How to Wake Up Early: 6 Things Early Risers Do

How to Wake Up Early: 6 Things Early Risers Do

You have probably heard the success stories about people who wake up early. Apple CEO Tim Cook, Oprah Winfrey, and Olympic medalist Caroline Burckle all talk about the positive impact of waking up early on their lives.

Even though many assign a portion of their success to waking up early, many find it difficult to make the switch. While most people know what needs to happen to change their life, they find then difficult to implement consistently. To understand how to wake up early, you need to tap into the wisdom of those already doing it.

Here are the 6 things early risers do:

1. Stop Procrastinating

The first thing you need to do when you want to learn how to wake up early is to go to sleep earlier. Stop procrastinating. You will find it much easier to wake up when you are getting the proper amount of sleep. Set a bedtime that allows you to get 8-hours of sleep and hold yourself accountable.

The problem most of you will have at first is how tired you will feel. If you are someone who goes to sleep after midnight, waking up by 6 a.m. will not be easy. The reason you need to push through that initial difficulty is that you are going to be very tired at the end of the day. Realistically, you probably would fall asleep at your desk or doze off on your lunch break. Either way, waking up early no matter how you feel will motivate you to go sleep at the proper time that night.

Think of it as someone who procrastinated until the night before their project was due. Having done this myself, you do what you need to do to complete the project, whether that means working all night or cutting some corners because you don’t have time to triple-check your work.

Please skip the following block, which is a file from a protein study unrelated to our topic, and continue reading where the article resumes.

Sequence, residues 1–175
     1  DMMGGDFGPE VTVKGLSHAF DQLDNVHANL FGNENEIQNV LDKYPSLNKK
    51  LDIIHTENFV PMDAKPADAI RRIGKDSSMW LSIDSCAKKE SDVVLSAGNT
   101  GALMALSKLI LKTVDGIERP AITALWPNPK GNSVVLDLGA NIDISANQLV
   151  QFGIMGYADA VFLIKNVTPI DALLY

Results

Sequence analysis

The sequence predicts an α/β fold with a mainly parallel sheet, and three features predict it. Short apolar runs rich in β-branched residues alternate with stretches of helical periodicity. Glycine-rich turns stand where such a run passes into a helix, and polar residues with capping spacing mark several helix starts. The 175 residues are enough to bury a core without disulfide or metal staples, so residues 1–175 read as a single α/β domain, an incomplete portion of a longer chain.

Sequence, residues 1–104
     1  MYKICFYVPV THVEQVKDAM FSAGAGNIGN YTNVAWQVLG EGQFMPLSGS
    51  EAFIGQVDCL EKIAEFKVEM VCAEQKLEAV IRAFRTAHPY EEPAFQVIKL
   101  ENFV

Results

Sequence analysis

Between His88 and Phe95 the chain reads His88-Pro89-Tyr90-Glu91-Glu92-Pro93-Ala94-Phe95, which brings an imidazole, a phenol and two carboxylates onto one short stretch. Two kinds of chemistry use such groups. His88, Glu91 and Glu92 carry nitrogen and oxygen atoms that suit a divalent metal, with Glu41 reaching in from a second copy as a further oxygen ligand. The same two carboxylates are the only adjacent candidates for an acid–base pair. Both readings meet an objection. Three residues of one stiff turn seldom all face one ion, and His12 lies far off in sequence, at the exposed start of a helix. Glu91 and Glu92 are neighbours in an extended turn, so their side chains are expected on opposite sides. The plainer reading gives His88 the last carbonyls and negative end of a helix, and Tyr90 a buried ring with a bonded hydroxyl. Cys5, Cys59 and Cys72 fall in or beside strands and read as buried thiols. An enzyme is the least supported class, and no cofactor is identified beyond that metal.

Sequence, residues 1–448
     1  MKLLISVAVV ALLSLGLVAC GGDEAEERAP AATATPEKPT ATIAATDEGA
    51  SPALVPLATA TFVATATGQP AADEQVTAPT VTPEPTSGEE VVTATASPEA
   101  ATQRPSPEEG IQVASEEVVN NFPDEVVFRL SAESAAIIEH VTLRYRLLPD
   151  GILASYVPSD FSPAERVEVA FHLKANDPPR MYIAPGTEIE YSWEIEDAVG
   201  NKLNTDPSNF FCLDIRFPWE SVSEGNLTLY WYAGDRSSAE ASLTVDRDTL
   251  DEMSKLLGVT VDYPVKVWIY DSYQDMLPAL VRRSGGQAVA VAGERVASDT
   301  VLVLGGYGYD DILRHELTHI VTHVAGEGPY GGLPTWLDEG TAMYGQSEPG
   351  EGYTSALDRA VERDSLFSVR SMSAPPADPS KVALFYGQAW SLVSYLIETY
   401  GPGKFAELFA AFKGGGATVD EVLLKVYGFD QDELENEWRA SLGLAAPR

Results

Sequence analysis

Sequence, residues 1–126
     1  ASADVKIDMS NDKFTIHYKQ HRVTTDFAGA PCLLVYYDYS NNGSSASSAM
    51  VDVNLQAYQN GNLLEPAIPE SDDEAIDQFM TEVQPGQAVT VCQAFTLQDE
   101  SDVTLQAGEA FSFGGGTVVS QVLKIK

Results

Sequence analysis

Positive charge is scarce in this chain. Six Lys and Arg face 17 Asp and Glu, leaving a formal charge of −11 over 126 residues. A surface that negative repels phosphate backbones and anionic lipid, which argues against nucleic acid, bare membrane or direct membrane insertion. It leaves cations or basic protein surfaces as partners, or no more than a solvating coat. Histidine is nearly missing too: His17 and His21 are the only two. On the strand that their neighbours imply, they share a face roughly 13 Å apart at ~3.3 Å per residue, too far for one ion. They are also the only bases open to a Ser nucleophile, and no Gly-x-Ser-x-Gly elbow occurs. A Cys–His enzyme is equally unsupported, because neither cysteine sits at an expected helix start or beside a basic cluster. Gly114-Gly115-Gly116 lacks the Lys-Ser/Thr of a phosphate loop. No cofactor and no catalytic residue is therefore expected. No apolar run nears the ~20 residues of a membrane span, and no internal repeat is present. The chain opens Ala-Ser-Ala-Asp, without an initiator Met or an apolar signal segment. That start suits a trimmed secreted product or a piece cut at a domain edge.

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After you turn in your project, you feel both exhaustion and jubilation. After you make it through the workday and crash at home, you promise yourself you’ll never wait until the last minute again. This same feeling will happen when you force yourself to wake up early no matter what time you went to sleep. You are going to promise yourself you will go to bed at the right time.

Most people don’t go to bed when they should because they know they will ultimately make it up in the morning.

2. Pace Yourself

If you want to start waking up a couple of hours earlier each day, you may not be able to make that change all at once. It stands to reason the more drastic the shift, the more difficult it will be.

So, instead of trying to adjust your sleep pattern by several hours, start in 15-minute or 30-minute intervals.[1] If you wake up 30 minutes earlier each week, you will be a morning person by the end of the month. This may feel like you are drawing out your goal but in reality, you are accomplishing it much quicker than most. Most people who are naturally night owls find it difficult to completely change their sleep habits overnight.

Think of it as someone who is trying to quit drinking coffee. Outside of the fact you may enjoy the taste of coffee, your body is used to operating with a certain amount of caffeine and sugar. Some will be able to quit overnight and their body will adjust accordingly. And if you are one of those people, then do what works for you.

However, if you were to take an incremental approach, then you may first start drinking your coffee black. Then, you could switch to decaf before slowly lowering the amount of coffee you drink each day. As you can see, this approach will help minimize the feeling of withdrawal while getting the results you want.

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3. Watch Your Lighting

Light reduces your body’s production of the sleep-inducing melatonin hormone. In practical terms, your body naturally wants to be awake when the sun is up and go to sleep when the sun is down. This is called your circadian rhythm.

In the technology-driven world we currently live in, you likely look at a screen or two before bed. Studies show television and phone screens trick your body into thinking the sun is up. As a result, your body starts producing less melatonin. To help you fall asleep, you should stop looking at screens at least an hour before bed.